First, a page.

Increased estradiol levels during critical illness are associated with higher mortality
Studies have found that estradiol (serum E2) levels are elevated in critical illness and that higher levels are linked to death in the critically ill, regardless of sex.
Now, a new study reports that serum E2 level at hospital admission and increases in serum E2 over the course of hospitalization of critically ill or injured patients are more strongly associated with the probability of death than a single admission E2 level. The study also found a positive association between levels of cytokines (hormone-like proteins involved in the body's inflammatory response) and mortality. But the researchers concluded that serum E2 was a clinically preferable indicator of mortal threat, partly because of the relatively short half-life of cytokines relative to E2.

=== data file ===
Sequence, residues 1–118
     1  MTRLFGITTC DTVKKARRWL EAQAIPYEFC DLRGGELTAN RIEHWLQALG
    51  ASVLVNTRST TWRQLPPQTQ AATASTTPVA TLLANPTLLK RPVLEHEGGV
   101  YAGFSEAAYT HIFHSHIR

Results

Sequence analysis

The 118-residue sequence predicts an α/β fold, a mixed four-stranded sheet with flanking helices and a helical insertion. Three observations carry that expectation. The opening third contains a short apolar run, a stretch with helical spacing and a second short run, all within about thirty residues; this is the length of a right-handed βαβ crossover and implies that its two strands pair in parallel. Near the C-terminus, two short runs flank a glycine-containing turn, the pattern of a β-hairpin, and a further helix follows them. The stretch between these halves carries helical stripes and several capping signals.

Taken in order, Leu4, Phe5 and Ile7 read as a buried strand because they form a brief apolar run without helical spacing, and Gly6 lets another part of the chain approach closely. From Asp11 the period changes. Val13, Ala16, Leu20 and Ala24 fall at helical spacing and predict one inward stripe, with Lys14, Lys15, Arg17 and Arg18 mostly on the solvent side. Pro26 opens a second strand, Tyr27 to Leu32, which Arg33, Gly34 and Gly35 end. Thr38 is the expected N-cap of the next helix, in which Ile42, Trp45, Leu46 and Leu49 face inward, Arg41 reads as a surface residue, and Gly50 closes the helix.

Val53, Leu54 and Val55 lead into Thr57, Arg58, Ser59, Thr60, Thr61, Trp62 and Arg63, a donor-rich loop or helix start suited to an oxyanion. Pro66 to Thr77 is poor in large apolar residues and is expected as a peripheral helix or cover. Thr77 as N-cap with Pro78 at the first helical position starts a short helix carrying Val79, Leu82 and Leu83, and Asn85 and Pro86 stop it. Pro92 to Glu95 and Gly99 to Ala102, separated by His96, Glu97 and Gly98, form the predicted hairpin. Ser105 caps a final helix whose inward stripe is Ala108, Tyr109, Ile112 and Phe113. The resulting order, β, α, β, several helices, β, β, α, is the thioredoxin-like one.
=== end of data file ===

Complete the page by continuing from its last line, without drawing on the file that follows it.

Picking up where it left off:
The researchers cautioned that whether E2 is actually a mediator of the inflammatory process and contributes to
outcome or is simply a marker of disease severity is not known and could not be determined from their data.
Their study examined the correlation of serum E2 levels during the hospital course of surgical critical illness and changes in E2 with in-hospital 28-day all-cause mortality in a population of 1,408 critically ill and injured surgical patients who required intensive care unit care.
Hormone levels were collected twice weekly until death, discharge, or day 28, whichever came first. This study was supported, in part, by the Agency for Healthcare Research and Quality (HS13833).
See "Trends in estradiol during critical illness are associated with mortality independent of admission estradiol," by Rondi M. Kauffmann, M.D., Patrick R. Norris, Ph.D., Judith M. Jenkins, M.S.N., and others in the Journal of the American College of Surgeons 212, pp. 703-713, 2011.
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